Palencia is a city south of Tierra de Campos, in north-northwest Spain, the capital of the province of Palencia in the autonomous community of Castile and León. The municipality had a population of 78,892 in 2017. Palencia lies in the north of the central Spanish plateau, the Meseta Central, in the middle of the Carrión river valley, near the river's confluence with the Pisuerga, which flows through the town and creating four small islands, Dos Aguas and Sotillo being the largest. Palencia is located 190 km north of Madrid, some 40 km north of Valladolid, capital of Castile and León. Two hills surround the city in its north-east area. On the closest stands the 30-metre high statue of Christ known as the Cristo del Otero, the fourth-tallest statue of Christ in the world. Palencia has a substantial forest of 1,438 hectares 6 km away on a plateau above the city, known locally as the "Monte el Viejo"; this park is a popular amusement area for the locals. The Canal de Castilla runs close to the city.
Palencia's municipality includes the village of Paredes de Monte, 14 km away. The region of Palencia has a Continental Mediterranean climate with cool winters, due to altitude and isolation from maritime influences, chilly winds, including some days of snow in the winter and minimum temperatures below 0 °C. Fogs are frequent because of the Carrion river. Summer tends to be warm with temperatures that surpass 30 °C in July and that can reach 38 °C. Due to Palencia's altitude, nightly temperatures tend to be cooler, leading to a lower average in the summer months. Precipitation levels are moderated. Summer and winter are the driest seasons, with most rainfall occurring in the spring. Light rains are frequent in winter, with infrequent rain and heavy thunderstorms in the summer. Snow is an infrequent occurrence, with only a few days of snowfall each year in December and February, snowfall can occur in November or March; the fortified Celtiberian settlement is mentioned as Pallantia by Strabo and Ptolemy, a version of an Indo-European root pala.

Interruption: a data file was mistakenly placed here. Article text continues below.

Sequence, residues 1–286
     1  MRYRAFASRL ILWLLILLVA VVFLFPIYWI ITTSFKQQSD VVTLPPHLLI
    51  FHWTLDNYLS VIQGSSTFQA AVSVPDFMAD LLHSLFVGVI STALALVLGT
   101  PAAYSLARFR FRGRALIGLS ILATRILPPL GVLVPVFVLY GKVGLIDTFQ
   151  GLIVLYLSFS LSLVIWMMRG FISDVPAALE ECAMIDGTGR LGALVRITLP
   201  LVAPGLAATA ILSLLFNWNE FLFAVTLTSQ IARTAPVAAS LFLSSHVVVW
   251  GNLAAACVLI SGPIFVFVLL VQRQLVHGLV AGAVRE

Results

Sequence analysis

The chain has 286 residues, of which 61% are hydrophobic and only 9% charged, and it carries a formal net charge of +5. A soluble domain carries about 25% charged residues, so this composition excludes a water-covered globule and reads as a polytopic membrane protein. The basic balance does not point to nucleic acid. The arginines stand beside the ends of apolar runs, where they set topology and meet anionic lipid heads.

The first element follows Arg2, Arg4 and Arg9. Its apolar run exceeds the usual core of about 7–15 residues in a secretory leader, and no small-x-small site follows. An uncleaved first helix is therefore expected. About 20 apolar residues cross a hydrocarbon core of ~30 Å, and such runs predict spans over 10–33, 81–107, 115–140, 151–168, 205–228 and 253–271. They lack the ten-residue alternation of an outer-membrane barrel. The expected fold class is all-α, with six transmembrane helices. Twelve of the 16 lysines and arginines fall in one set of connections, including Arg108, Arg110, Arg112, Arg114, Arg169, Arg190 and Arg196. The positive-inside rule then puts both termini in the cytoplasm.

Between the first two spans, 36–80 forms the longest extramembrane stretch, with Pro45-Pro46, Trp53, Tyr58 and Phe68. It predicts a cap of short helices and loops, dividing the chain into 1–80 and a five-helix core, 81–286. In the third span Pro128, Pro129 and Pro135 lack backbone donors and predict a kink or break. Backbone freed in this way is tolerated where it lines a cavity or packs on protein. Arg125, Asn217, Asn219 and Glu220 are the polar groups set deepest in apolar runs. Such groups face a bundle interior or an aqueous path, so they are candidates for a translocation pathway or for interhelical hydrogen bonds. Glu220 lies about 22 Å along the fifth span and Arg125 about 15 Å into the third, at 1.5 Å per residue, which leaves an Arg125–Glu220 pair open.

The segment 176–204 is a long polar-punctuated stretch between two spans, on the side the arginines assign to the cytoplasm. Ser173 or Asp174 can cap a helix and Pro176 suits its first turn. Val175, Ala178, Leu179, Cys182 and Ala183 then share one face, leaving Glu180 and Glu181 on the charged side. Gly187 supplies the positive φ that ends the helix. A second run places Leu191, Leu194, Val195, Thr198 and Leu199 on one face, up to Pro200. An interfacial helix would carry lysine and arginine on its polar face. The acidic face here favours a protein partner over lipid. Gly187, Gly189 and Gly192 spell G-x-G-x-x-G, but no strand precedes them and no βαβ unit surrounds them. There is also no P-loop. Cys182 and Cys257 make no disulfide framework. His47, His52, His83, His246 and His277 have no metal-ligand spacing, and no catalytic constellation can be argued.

It was the chief town of the Vaccaei. The city was starved into submission by the Romans in the 2nd century BC and incorporated into the province of Hispania Tarraconensis, in the jurisdiction of Colonia Clunia Sulpicia. Though the little Roman garrison city was an active mint, it was insignificant compared to the Roman villas of Late Antiquity in the surrounding territory. Archeologists have uncovered the remains of Roman villas at La Olmeda and at the "Quintanilla de la Cueza", where the fragments of mosaic floors are spectacularly refined. According to the 5th-century Galician chronicler Idatius, the city of Palencia was all but destroyed in the Visigothic wars against the Suevi: the date falls in the reign of Theodoric II, whose power centre still lay far to the east, in Aquitania; when the Visigoths conquered the territory, they retained the Roman rural villa system in establishing the Campos Góticos. The Catholic bishopric of Palencia was founded in the 3rd century or earlier, assuming that its bishop was among those assembled in the 3rd century to depose Basilides, bishop of Astorga.
The Priscillianists which originated in Egypt but came to Spain was declared a heresy by the emperor Gratian. It was mix of Gnostic/Montanist teachings. Priscillian was ordained priest and consecrated bishop of Avila. The'heresy' was strongest in northwestern Spain; the declaration of it as a heresy was a political move by the Catholic usurper emperor Maximus to curry favor with the Catholic emperors Valentinian II and Theodosius I. After the establishment of effective Visigothic power Catholics disputed the bishopric of Palencia with the Arian Visigoths. Maurila, an Arian bishop established in Palencia by Leovigild, followed King Reccared's conversion to Catholicism, in 589 he assisted at the Third Council of Toledo. Bishop Conantius, the biographer of Saint Ildephonsus, assisted at synods and councils in Toledo and composed music and a book of prayers from the Psalms; when the Moors arrived in the early 8th century, resistance was fragmented among bishops in control of the small walled towns and the territorial magnates in their fortified villas.
A concerted resistance seems to have been ineffective, the fragmented system crumbled villa by villa. Palencia was insignificant: Moorish writers only once cite the border city in the division of the provinces previous to the Umayyad dynasty; the diocese of Palencia was but a name— a "titular see"— until Froila, Count of Villafruela, succeeded in retaking the area of the see in 921, but the true restorer of Christian power was Sancho III of Navarre. At Palencia El Cid The first prelate of the restored see is said to have been Bernardo, whom Sancho gave feudal command over the city and its lands, with the various castles and the few abbeys. Bernardo was born in France or Navarre, devoted himself to the reconstruction of the original cathedral built over the crypt of the local Saint Antolín, the patron saint of Palencia, venerated here alone, with his Ferias, a moveable feast in September; the cathedral was rebuilt again three centuries later. Its principal treasures were relics of Antoninus venerated in Aquitania, whence they had been brought.